As a result of the transition to the shared service model, the individuals responsible for the previously siloed, independent contract management duties of the four program areas were combined in an efficient and highly specialized Bureau of Contract Management. Individuals with monitoring responsibilities were consolidated into the newly created Bureau of Monitoring and Quality Improvement.

The establishment of an Incident Operations Center, brought standard processes, reporting, and SLAs to the tracking and investigating of incidents. This new triage process categorizes and distributes incidents to the right unit based on its complexity and gravity. As a result, incidents receive immediate attention by highly specialized investigative personnel, helping improve cycle times for incident resolution.

All of this was implemented through a pilot phase which tested the new organization and processes in a single region over eight weeks, and ensured a seamless launch. This roll-out approach was critical to testing as it identified early examples of successes and allowed for adjustments based on lessons learned.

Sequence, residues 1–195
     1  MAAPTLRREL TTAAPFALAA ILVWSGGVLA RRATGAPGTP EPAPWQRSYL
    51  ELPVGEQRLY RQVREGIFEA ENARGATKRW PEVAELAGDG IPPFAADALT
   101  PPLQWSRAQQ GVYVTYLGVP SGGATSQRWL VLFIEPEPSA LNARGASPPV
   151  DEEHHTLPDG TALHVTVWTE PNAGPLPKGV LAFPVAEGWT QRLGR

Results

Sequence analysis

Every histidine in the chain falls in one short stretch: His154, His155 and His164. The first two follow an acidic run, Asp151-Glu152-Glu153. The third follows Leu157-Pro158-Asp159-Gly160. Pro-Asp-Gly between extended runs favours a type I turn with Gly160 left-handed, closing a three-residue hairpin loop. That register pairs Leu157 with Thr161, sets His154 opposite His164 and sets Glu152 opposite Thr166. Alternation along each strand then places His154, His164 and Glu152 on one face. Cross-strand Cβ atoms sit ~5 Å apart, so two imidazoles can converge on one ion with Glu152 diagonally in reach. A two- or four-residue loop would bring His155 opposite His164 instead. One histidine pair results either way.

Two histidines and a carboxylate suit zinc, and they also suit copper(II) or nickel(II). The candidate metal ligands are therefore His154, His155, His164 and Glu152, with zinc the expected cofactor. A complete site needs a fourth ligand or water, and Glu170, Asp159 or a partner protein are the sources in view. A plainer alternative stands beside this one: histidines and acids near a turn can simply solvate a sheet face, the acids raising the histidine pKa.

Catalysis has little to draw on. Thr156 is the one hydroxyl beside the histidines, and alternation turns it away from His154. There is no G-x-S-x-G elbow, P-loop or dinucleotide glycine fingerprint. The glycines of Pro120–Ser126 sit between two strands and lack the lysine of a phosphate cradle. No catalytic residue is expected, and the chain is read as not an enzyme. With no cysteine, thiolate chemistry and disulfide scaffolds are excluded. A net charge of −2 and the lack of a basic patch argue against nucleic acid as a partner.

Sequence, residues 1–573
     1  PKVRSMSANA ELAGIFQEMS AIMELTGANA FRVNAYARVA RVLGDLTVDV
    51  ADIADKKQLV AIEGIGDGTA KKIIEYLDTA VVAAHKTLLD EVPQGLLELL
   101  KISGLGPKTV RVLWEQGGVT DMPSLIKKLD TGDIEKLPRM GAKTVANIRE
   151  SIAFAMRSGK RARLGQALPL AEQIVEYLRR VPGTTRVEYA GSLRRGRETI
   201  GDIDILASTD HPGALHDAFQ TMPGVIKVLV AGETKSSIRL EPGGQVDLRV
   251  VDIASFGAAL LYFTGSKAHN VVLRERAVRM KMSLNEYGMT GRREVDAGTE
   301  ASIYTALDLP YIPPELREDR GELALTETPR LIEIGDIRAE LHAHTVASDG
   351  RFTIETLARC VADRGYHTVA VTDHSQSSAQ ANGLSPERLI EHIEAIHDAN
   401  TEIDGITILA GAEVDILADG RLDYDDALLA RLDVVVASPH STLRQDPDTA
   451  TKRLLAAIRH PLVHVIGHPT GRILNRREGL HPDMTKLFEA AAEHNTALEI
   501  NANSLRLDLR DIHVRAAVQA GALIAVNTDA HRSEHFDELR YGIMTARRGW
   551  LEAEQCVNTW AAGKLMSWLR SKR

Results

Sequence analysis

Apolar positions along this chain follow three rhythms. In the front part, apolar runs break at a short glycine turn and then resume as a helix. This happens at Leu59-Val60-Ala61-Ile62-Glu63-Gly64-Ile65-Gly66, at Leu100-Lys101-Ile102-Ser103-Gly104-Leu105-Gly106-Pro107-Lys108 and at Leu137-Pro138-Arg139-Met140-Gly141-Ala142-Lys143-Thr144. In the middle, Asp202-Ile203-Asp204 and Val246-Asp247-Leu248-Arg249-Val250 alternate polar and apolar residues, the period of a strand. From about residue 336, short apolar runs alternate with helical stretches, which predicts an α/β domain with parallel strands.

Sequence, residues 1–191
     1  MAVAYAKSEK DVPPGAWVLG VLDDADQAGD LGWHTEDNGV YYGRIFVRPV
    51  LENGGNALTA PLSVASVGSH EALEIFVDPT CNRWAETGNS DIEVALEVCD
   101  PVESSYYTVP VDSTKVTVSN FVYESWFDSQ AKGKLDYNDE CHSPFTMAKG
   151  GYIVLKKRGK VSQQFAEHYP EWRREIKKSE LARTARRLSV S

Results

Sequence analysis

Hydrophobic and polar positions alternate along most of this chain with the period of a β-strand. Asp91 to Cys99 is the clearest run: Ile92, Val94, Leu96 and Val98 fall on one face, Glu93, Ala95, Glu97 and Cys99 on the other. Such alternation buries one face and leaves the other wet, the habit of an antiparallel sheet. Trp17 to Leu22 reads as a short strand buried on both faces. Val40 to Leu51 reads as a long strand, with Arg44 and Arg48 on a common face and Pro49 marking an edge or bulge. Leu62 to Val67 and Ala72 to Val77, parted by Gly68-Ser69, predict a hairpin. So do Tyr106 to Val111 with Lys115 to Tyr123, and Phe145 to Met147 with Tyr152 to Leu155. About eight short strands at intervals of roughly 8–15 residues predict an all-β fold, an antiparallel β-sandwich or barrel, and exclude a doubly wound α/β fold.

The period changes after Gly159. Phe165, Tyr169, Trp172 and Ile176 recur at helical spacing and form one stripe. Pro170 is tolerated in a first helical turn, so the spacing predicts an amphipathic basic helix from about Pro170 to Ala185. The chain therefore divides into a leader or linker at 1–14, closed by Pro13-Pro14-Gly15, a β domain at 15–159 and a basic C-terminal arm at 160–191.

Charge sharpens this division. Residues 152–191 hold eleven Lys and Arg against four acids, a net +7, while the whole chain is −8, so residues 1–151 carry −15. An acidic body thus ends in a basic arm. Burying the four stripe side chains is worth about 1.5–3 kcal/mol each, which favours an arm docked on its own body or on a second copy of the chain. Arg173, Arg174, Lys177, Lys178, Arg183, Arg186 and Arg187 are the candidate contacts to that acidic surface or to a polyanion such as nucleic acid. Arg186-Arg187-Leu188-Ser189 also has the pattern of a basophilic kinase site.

A monitoring planning and prioritization tool, was developed to categorize every program based on statistical analysis of program attributes and past performance.

The Results

The end-to-end procurement and contract lifecycle enables the new business strategy by allowing for better coordination, planning, and deployment of resources. Improved communication facilitates knowledge sharing, best practice learning, and long-term planning. The implementation of a demanded governance for the procurement organization allows the client to be more proactive.